"What do we think of Italo-Americans? They look doubly ignorant if they can't even speak the language, or if they slap Italian words in their phrases at random, or replace perfectly fine English words with Italian words just because. Why can't they just use the word 'grandma' instead of hijacking 'Nonna' all the time? Italo-Americans use the Italian flag as if it's theirs. When they come to Italy they feel lost like a stranger. That's because they are. If someone of Chinese decent is born in Germany or England they are German or English. Period."
10/20/2015 03:33:29 am
What makes YOU
10/20/2015 08:21:20 am
Teresa, In your comment you capitalized the word "YOU" as if you are directing your contempt toward me personally and are calling me "ignorant". I must remind you, that when I post these short "What Italians Think About Americans" articles, that they are within quotation marks... they are what some Italian citizens--born, raised and still living in Italy--think about Americans. Some of these are actual quotes directly from Italian nationals that I found in online discussions, or others are a conglomerate of several quotes I gathered either from talking to Italians directly or from Internet discussions. The tone of your message seems to be taking ME personally to task for saying these words or having these views. (Obviously, you haven't had time to read the hundreds of other posts written by me on this blog... to really get to know who I am). In fact, I have a similar background as you-- My Dad was born in Molfetta, my Mom was born here (her parents from Naples). We used all sorts of Italian (or Southern dialect) expressions in our household growing up. My parents did not teach us to speak Italian. Mom said she wanted an "all-American family" for us five kids. In fact, right now, my 12 year old son carries on this "Italian-American" tradition... he spent three weeks in Italy with us last year, he now calls me Babbo, he makes pasta with me, he loves his Italian roots... So, please don't think of ME as the ignorant one here. This particular quote represents the views of some (not all) Italian Nationals toward the (as they see it) overly enthusiastic and misplaced pride we Italian-Americans feel for our Italian heritage. Hey, my wife is half Italian (Sicilian) and half Polish and even she feels a stronger connection with her Italian roots. BTW... to add to this feeling from Italian Nationals toward Italian-Americans, before I went to Italy I researched the Finzi's still residing in Molfetta, my Dad's birthplace. I tried to contact several before the trip. All I got was silence. I was told by other Italian friends that they don't quite understand how we long to get connected to fragments of our family lineage still living in the Homeland of Italy. They lost track of lines of their family who left "their family and their country" so long ago. It's how they feel.... not me. Still, I would not call them "ignorant" either. It's just a very different point of view. In my personal view, Italians today in Italy have evolved separately and have become VERY different from Italian Americans. If you read my earlier posts about my experiences with Italians and the way they live and work, you'll see that I had lots of issues with their attitudes and parts of their lifestyle. We Italian-Americans are a hybrid... We are not Italians. We should be proud of that fact.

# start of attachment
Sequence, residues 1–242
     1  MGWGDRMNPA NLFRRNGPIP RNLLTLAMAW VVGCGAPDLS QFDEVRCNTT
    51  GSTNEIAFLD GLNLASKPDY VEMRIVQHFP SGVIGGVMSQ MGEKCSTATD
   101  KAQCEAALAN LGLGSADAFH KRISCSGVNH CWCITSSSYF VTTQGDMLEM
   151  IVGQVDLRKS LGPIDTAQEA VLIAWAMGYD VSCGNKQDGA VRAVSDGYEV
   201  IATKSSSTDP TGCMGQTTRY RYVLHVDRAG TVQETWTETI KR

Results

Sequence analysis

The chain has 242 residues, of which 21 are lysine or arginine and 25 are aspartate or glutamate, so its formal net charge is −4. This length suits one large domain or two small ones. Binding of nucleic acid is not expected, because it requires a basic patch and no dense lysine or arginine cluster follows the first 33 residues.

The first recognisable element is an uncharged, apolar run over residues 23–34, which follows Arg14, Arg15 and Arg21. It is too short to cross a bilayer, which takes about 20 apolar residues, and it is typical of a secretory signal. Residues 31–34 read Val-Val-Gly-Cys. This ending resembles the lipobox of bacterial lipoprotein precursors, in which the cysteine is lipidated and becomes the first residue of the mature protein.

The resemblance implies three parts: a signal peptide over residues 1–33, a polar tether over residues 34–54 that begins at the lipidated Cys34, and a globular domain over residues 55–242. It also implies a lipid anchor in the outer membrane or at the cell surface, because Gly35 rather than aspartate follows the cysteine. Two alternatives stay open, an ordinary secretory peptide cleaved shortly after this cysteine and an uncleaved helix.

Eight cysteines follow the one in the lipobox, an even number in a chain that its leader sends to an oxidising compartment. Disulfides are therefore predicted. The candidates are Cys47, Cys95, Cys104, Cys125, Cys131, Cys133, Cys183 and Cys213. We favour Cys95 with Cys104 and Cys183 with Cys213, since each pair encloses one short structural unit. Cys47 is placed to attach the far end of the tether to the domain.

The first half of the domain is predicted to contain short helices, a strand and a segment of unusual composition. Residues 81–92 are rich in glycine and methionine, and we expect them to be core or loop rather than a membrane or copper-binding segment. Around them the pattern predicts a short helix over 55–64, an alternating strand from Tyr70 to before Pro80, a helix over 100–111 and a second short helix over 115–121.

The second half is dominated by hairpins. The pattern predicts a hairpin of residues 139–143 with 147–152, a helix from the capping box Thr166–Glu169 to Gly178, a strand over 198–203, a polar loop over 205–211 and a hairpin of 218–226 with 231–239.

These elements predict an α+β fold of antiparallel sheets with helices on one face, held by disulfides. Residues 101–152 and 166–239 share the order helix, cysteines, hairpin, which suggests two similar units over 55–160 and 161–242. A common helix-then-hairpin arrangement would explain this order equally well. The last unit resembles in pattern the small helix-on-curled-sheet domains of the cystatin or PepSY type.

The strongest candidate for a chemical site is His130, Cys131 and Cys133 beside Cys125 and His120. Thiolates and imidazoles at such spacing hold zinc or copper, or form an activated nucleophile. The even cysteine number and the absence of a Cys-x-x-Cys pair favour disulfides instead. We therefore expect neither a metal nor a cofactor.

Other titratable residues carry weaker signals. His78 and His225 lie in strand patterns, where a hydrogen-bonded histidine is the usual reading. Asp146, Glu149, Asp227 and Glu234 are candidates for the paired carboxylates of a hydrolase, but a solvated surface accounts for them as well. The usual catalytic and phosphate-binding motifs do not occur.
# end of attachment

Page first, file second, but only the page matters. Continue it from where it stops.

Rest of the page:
10/20/2015 10:16:32 am
Jerry, my deepest apologies for misdirecting my response. I overlooked the quotation marks on your posted comment.
10/21/2015 07:29:47 am
Hey.... no ignorance here... just a lot of passion. (We're Italian, right?) I find the attitude of a lot of Italians toward Italian-Americans and Americans in general as a two sided, schizophrenic affair. On one hand, they love everything about "'Merica" and just about every young person I conversed with talked pretty good English and confessed to me the desire to come to the U.S. for their career (I met wannabee musicians, artists, designers, pizzamakers, etc.). I always recommended to them that they look inward toward their own country--that opportunities and creativity is right there in front of them. (Hey... I tried living/working in Paris in 1974... so I know what it's like to try and "make it" in another country). They also love our fashions, music and TV shows (I didn't understand how they were still watching Jersey Shore and the A-Team... really?? This was last year! Even their infomercials are styled like ours, albeit with much more er... abundant women.) ....
7/26/2022 08:37:45 pm
I realize this post is from 2015, but I do hope the writer and his viewers see this opinion anyways. I enjoyed the thoroughly educating and entertaining back and forth between two "passionate" Italian Americans, Teresa and Jerry Finzi! But what I wat to opine on is the last line in the quote, "If someone of Chinese decent is born in Germany or England they are German or English. Period."
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